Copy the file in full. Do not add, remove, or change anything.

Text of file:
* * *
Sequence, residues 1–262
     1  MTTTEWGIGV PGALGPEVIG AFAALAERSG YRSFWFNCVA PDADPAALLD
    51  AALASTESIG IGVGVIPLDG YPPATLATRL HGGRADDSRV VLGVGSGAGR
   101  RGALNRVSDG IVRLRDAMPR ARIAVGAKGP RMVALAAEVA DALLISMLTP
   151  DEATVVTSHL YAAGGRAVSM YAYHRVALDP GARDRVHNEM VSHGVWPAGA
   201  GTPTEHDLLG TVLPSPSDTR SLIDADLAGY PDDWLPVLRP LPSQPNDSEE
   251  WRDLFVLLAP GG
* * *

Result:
Sequence, residues 1–262
     1  MTTTEWGIGV PGALGPEVIG AFAALAERSG YRSFWFNCVA PDADPAALLD
    51  AALASTESIG IGVGVIPLDG YPPATLATRL HGGRADDSRV VLGVGSGAGR
   101  RGALNRVSDG IVRLRDAMPR ARIAVGAKGP RMVALAAEVA DALLISMLTP
   151  DEATVVTSHL YAAGGRAVSM YAYHRVALDP GARDRVHNEM VSHGVWPAGA
   201  GTPTEHDLLG TVLPSPSDTR SLIDADLAGY PDDWLPVLRP LPSQPNDSEE
   251  WRDLFVLLAP GG